Ladies of London is known for its feuds and fiery disputes, but new star Adela King revealed on Tuesday night that she faced a much bigger fight two years before joining the series.
The globe-hopping fashion designer revealed that, due to an ongoing custody battle with her ex-husband, she’d fallen into a state of depression and addiction so desperate that, two years ago this month, she attempted to take her own life.
King shared her stories with the rest of the Ladies during a tense dinner in Edinburgh, Scotland, on Tuesday’s episode, and now she’s opening up to PEOPLE about the darkest period of her life, how she found her will to live again and the heartbreaking way she continues to stay in touch with her children amid their ongoing two-and-a-half-year estrangement.
Sharing your story is very brave, and I’m sure a lot of people have already benefited from seeing this kind of vulnerability in someone who seems to have it all. It must feel like a new community has opened up to you.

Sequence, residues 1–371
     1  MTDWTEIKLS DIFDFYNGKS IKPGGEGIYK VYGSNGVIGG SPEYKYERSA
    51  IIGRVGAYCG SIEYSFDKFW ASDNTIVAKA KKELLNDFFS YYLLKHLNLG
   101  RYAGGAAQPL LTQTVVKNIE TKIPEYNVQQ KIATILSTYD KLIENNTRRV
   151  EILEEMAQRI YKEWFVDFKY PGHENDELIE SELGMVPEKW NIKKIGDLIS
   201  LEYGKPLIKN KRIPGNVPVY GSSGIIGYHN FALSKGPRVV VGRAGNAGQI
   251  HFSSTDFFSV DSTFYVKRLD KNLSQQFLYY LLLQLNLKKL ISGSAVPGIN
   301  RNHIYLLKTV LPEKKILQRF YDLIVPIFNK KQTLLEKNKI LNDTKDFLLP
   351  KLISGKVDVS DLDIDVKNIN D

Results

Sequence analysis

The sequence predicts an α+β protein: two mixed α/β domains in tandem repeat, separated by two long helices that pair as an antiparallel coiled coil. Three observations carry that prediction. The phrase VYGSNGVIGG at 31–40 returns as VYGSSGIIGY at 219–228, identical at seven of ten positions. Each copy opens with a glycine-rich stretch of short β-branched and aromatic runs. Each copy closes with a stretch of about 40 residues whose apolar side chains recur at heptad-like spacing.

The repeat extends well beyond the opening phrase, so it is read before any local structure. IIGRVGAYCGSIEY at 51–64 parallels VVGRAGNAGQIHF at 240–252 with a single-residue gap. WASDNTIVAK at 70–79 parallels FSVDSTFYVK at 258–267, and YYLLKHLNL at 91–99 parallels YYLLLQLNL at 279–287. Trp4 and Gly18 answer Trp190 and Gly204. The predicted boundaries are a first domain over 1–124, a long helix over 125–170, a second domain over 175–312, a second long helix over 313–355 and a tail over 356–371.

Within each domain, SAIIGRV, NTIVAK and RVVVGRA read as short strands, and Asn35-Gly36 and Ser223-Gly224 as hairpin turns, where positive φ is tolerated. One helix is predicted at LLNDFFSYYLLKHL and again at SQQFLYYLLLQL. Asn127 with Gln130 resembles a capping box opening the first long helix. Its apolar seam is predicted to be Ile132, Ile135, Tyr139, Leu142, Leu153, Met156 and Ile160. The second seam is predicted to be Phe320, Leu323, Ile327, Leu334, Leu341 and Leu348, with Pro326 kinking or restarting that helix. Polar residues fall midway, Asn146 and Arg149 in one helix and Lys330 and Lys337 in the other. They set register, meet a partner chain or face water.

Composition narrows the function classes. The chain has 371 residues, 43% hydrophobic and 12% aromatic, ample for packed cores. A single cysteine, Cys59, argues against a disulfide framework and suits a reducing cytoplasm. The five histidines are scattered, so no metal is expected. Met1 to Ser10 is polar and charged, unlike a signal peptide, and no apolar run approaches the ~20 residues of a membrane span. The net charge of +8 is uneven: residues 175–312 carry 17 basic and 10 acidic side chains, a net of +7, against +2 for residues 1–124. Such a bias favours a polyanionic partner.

I look at the show now as the biggest gift to me ever because I felt so alone in this for so many years, and now so many people have reached out saying that they’re going through the same thing. It’s absolutely blown me away. I never expected that kind of reaction. I’m so grateful that I reply to every single post on pictures, for them taking the time to reach out to me, it means the world to me. I have so much gratitude. It changed my life.
Why was it the right time to share your past struggles with the rest of the Ladies?
I’m an incredibly open person. Obviously I’m not proud of my past, but I’ve never been a person to shy away from admitting my faults. I am brutally honest, and it is my journey — it’s always part of my history, it’s part of who I am. I think I laughed at the dinner [when drinking came up]: How bad could it get? Well, I tried to commit suicide, it doesn’t get any worse than that. It wasn’t a thing of, like, “I’m going to open up and share this very deeply personal story.” It was just a fact that somebody asked me a question, and I gave them a very frank, brutal honest answer. Which is who I am. That’s what I do. I’m not-I don’t really hide things from people if they ask me. I will tell them the truth and that was the truth. That’s how bad it got.